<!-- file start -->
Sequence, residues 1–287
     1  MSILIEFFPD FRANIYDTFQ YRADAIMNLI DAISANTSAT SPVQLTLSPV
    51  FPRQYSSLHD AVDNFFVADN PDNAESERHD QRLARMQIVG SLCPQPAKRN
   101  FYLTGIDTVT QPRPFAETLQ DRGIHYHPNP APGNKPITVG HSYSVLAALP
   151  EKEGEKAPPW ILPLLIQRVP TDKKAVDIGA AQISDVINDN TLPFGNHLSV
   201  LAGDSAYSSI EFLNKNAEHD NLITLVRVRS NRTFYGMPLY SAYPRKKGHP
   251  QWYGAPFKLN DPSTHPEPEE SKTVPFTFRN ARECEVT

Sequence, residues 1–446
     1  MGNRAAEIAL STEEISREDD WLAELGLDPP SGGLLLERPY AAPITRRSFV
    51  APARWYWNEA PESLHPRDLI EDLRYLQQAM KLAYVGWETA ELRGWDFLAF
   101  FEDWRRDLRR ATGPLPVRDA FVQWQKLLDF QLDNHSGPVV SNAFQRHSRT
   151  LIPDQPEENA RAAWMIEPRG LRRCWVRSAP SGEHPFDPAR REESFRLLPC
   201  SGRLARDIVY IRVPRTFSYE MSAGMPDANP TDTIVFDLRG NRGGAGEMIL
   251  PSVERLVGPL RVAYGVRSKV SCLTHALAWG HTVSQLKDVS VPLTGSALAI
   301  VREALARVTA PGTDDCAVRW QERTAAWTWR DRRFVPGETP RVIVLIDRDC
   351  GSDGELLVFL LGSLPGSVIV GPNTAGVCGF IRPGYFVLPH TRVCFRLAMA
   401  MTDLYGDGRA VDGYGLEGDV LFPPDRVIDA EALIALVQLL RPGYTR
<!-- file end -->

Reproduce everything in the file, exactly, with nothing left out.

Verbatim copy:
Sequence, residues 1–287
     1  MSILIEFFPD FRANIYDTFQ YRADAIMNLI DAISANTSAT SPVQLTLSPV
    51  FPRQYSSLHD AVDNFFVADN PDNAESERHD QRLARMQIVG SLCPQPAKRN
   101  FYLTGIDTVT QPRPFAETLQ DRGIHYHPNP APGNKPITVG HSYSVLAALP
   151  EKEGEKAPPW ILPLLIQRVP TDKKAVDIGA AQISDVINDN TLPFGNHLSV
   201  LAGDSAYSSI EFLNKNAEHD NLITLVRVRS NRTFYGMPLY SAYPRKKGHP
   251  QWYGAPFKLN DPSTHPEPEE SKTVPFTFRN ARECEVT

Sequence, residues 1–446
     1  MGNRAAEIAL STEEISREDD WLAELGLDPP SGGLLLERPY AAPITRRSFV
    51  APARWYWNEA PESLHPRDLI EDLRYLQQAM KLAYVGWETA ELRGWDFLAF
   101  FEDWRRDLRR ATGPLPVRDA FVQWQKLLDF QLDNHSGPVV SNAFQRHSRT
   151  LIPDQPEENA RAAWMIEPRG LRRCWVRSAP SGEHPFDPAR REESFRLLPC
   201  SGRLARDIVY IRVPRTFSYE MSAGMPDANP TDTIVFDLRG NRGGAGEMIL
   251  PSVERLVGPL RVAYGVRSKV SCLTHALAWG HTVSQLKDVS VPLTGSALAI
   301  VREALARVTA PGTDDCAVRW QERTAAWTWR DRRFVPGETP RVIVLIDRDC
   351  GSDGELLVFL LGSLPGSVIV GPNTAGVCGF IRPGYFVLPH TRVCFRLAMA
   401  MTDLYGDGRA VDGYGLEGDV LFPPDRVIDA EALIALVQLL RPGYTR